“However, my biggest influence wasn’t a sports movie, but The Deer Hunter, which has a kind of physicality in a very different way. The characters there aren’t brothers, but it’s definitely about brotherhood in how close that group of friends are.”


Durkin’s films couldn’t be more different from each other when it comes to genre. His 2011 debut Martha Marcy May Marlene – about a young woman (Elizabeth Olsen) who escapes from a Charles Manson-style cult – was followed by 2020’s The Nest, a dark comedy about a deluded businessman (Jude Law) who tears his family apart after forcing them to move to a dilapidated Surrey mansion.

But even as he takes another left-turn into the world of the sporting biopic, one thing remains consistent: his fascination with family units on the brink of destruction.

“I just love complicated families. I love examining where we came from, and how that shapes what we believe, as well as how communication within families can either uplift or damage an individual, shaping us and forcing us to live with that outcome.


“But it’s not a subject I consciously return to; I was writing The Nest when I first conceived of this movie, and had finished shooting that when I returned to this screenplay, several years later. During that early stage, I hadn’t had any children, but by the time we finished shooting, I’d had two – it’s a constantly evolving thing, but during the moment of writing, it wouldn’t be easy for me to tell you what the themes are, now I can tell you that exploring families like this is what I’m constantly interested in.”

At the film’s world premiere in Dallas in November, the real Kevin Von Erich made his first public appearance in several years. Whilst the film does omit some things from historical record and play around with chronology – as is typical for the biopic genre – having his blessing on the production was crucial for the director.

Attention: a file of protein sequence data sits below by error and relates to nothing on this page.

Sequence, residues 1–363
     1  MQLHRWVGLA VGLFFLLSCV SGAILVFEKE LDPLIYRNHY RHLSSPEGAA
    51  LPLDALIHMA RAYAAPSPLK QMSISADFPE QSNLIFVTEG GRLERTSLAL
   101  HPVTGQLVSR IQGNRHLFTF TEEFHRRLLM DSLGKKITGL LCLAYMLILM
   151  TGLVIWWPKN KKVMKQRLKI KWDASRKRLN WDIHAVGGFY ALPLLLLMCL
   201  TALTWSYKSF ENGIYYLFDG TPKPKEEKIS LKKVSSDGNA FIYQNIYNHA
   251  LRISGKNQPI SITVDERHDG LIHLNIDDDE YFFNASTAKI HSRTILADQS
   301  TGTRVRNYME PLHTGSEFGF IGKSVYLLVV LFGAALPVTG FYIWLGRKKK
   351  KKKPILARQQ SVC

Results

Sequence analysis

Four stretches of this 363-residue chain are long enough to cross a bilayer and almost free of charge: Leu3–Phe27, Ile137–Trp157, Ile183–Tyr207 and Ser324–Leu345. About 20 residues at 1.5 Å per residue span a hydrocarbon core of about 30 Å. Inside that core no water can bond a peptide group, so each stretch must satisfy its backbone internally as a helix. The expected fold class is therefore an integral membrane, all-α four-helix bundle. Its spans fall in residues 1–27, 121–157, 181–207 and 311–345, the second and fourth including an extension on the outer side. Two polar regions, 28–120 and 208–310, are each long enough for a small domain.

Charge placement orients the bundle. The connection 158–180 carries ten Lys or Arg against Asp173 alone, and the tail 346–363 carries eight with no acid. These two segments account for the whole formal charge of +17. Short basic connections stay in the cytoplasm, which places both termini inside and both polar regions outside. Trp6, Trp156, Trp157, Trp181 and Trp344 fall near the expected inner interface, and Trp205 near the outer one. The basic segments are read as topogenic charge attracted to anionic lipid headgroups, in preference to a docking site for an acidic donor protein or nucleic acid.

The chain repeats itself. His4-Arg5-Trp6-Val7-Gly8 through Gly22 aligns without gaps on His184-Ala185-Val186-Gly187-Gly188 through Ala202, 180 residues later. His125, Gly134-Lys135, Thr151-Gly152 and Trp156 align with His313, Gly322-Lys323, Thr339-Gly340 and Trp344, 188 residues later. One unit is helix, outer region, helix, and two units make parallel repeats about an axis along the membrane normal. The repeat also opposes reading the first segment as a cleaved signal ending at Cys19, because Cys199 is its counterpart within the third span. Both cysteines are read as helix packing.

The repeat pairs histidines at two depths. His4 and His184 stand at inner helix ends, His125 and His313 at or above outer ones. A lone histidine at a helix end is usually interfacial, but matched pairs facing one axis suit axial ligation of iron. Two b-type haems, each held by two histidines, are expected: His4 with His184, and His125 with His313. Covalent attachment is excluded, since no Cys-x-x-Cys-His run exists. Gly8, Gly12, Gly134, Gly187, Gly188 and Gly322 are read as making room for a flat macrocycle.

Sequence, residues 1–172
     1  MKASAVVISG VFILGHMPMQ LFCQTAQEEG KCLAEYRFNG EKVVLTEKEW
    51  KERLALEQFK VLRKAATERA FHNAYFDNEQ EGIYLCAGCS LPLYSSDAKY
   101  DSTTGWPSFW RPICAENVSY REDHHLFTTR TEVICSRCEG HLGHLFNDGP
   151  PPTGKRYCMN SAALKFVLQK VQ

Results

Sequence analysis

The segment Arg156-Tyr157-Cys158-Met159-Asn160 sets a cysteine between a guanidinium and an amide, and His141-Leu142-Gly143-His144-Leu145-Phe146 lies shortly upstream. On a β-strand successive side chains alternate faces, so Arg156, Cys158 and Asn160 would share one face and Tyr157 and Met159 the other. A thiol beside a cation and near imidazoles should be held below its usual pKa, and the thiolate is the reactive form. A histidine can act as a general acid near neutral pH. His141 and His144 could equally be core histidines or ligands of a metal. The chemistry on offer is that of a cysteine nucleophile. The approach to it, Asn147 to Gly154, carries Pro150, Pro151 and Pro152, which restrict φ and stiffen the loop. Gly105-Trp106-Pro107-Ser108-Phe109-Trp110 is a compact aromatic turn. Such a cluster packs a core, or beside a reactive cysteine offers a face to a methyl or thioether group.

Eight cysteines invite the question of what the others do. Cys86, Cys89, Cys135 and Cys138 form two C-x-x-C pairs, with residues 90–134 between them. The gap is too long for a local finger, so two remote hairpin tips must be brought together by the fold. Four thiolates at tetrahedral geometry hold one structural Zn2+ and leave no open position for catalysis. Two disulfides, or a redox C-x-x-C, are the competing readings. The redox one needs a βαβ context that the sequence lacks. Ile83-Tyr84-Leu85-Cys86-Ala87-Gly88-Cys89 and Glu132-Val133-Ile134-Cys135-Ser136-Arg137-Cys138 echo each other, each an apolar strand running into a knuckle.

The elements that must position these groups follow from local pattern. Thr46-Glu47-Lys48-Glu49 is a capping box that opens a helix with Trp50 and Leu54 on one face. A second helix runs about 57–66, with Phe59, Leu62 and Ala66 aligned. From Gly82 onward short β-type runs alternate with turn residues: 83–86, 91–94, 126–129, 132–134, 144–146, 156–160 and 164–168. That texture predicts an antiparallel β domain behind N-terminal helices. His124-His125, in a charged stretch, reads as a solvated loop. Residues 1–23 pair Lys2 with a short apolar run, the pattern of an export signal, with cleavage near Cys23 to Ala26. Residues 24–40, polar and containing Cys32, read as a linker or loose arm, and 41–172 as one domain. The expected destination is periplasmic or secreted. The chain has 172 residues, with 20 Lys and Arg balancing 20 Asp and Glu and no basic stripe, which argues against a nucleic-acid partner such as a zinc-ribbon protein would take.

“I called him before we started shooting to explain what I was doing with the film, and once we wrapped, I held a private screening where I could talk them through a lot of the decisions I made in translating their story to the screen. We’ve become quite close, and the family has been supportive.”


This contrasts with some media reports that state, although he’s happy with the film overall, Kevin Von Erich is concerned with the harsh way in which his father is depicted.

“But I think that’s normal, Kevin feels protective of his dad”, Durkin explained. “People have spent so many years saying that this guy was terrible, and that’s not what this film is trying to say, even though we are honest about how tough a character he was.”

Now that the film is out in the world and being beloved by critics and audiences stateside, there has been some surprise at its lack of Oscar nominations; ask any cinephile, and they’ll probably tell you this was the biggest snub of the year. Durkin admits to being slightly disappointed by this.


“Oscars were never on my mind at any point during making this – it was only when nominations started coming in and we were getting overlooked that I started thinking about them. But the fact is, audiences are responding, people in the States who have seen it seem to love it, it’s been really meaningful to a lot of people.

“That’s why we make films, in the hope you can reflect something unique back to people that you hope they connect to. I’m very proud and extremely happy that this movie is doing that.”

The Iron Claw is in UK cinemas from Friday, 9th February.

Alistair Ryder

Alistair Ryder


Alistair is a culture journalist and lover of bad puns from Leeds. Subject yourself to his bad tweets by following him on Twitter @YesItsAlistair.